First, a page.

If you need any proof that the days when Netscape was synonymous with the World Wide Web are long gone, look no further than a story about the browser developer that hit the newswires earlier this month. Reuters reported that AOL Time Warner had decided to reposition its Netscape unit as a media company.
A high-tech company changing its focus is hardly uncommon, especially these days. But what's interesting about the news that Netscape will de-emphasize browser development is how little reaction it's provoked from the public.
That's a far cry from Netscape's glory years. Back in 1995, the company's eponymous Web browser enjoyed an 80 percent market share of the Web-surfing audience. Netscape has also informally received credit -- or blame -- for inventing the concept of "Internet time," courtesy of its rapid product development cycle. In 1995, Netscape released three versions of its browser, thus setting the pace for the "browser wars" it waged with Microsoft through the rest of the 1990s.
Today, however, Netscape has ceded much of the Web-surfing crowd to Microsoft Internet Explorer. For Mac users, the browser field has even expanded beyond Internet Explorer and Netscape to include OmniWeb -- the default favorite for Mac OS X users -- as well as the slimmer, rigorously standards-compliant Opera and iCab browsers.
So what happened to Netscape to make it almost a footnote in the Mac browser arena?
It's easy to point the finger at AOL, which swallowed up Netscape in 1999. "I don't really understand why they bought Netscape at all," wrote Mozilla founder and open source advocate Jamie Zawinski on his Web site. "Maybe it was simply to prevent the Netcenter portal (the monstrosity that the Netscape home page had become) from competing with AOL."
If that's the case, AOL's strategy for Netscape appears to be media-driven rather than software-driven. Former Netscape CEO Jim Barksdale indicated as much back in 1999, when he explained the AOL/Netscape merger. "The Internet is a powerful, interactive network that can span radio and television programming," Barksdale said. "It is very exciting to be a part of this."
Although AOL will continue to build Netscape as a Web destination rather than a tool, the browser itself may enjoy a moderate burst of attention now that the company's on-again, off-again talks with Microsoft over a license for embedding Internet Explorer as AOL's default browser have broken down.
Unsurprisingly, the Netscape browser wasn't a sticking point in negotiations. A spat over another type of Internet software caused the impasse -- instant messaging. AOL, which owns the popular instant-messaging software ICQ, refused to make its application compatible with the rival Windows Messaging from Microsoft.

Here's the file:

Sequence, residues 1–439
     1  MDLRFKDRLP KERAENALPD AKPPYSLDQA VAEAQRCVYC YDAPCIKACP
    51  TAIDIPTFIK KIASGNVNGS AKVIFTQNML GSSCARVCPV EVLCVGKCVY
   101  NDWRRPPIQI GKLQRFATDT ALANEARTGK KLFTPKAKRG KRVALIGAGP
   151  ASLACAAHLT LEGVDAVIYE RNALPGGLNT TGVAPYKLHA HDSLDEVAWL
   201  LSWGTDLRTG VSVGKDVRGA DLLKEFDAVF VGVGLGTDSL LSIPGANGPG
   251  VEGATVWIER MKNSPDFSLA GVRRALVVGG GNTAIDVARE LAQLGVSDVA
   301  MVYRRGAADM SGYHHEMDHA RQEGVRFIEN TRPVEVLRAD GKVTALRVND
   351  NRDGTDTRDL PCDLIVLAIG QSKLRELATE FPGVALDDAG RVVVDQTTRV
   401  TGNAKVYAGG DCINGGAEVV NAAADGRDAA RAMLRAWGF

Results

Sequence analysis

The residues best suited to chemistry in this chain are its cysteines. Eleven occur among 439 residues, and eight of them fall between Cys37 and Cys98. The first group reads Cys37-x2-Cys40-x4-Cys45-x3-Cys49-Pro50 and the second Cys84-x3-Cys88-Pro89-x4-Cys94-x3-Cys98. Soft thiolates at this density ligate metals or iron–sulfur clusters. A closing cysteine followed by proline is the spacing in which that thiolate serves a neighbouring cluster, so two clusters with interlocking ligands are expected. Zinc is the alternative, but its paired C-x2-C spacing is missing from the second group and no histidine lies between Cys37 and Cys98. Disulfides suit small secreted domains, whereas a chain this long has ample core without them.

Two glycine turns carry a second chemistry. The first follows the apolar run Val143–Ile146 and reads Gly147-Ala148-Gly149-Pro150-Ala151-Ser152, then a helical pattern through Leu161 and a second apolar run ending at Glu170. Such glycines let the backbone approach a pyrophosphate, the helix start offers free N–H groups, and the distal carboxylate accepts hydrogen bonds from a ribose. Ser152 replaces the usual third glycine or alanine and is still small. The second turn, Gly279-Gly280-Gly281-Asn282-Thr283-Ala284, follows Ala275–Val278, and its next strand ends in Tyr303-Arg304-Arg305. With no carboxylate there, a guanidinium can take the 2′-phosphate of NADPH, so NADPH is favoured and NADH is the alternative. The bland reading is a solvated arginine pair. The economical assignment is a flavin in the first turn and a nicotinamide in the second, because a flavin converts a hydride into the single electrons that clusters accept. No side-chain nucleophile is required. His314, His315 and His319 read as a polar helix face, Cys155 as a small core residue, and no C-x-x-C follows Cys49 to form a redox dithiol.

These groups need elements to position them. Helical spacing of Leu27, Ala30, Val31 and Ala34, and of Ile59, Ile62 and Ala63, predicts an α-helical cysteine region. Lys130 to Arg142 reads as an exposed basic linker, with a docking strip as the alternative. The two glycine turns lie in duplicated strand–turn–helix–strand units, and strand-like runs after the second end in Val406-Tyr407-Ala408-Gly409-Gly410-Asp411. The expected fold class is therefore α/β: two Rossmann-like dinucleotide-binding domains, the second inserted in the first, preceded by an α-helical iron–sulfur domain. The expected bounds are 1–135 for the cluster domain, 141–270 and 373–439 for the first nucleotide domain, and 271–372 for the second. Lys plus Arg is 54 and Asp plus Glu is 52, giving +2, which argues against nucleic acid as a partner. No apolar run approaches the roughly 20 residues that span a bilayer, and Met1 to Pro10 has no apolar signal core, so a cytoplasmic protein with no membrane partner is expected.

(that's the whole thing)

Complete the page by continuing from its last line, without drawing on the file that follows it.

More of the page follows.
The companies' willingness to ignore the browser war and focus on other software signals a shift in the battle lines for user share among all sorts of networked technologies. AOL Time Warner is also in the midst of making deals to install Netscape as the default browser on Sony's PlayStation 2 and Gateway's Touch Pad. While Microsoft hasn't commented publicly on which Web browser it may load on its Xbox game console, odds are high that it will be Internet Explorer.
Although the battle for eyeballs may be shifting, Mac Web surfers might still wonder what alternatives there are to Internet Explorer beyond Netscape. Both Opera and iCab have preview versions of their browsers available for download. Meanwhile, OmniGroup recently released OmniWeb 4.0.1, a browser that runs natively in OS X. OmniWeb has attracted a great deal of attention on the Macworld.com forums, where many users laud the browser's look-and-feel while others cite some nagging performance issues.
(An OS X-native version of Microsoft's browser -- Internet Explorer 5.1 -- is available in beta form.)
Oliver Joppich, who handles customer support for iCab, says his company has already built an OS X-native version of its browser but contends that "Apple must improve OS X before the great majority of Mac users will use [the operating system]."
At any rate, don't expect other browser makers to worry about Netscape's shifting focus. "Netscape is not important for Web browsers anymore," Joppich says. "They lost against Internet Explorer so they had to change their focus. We just want to make the best browser."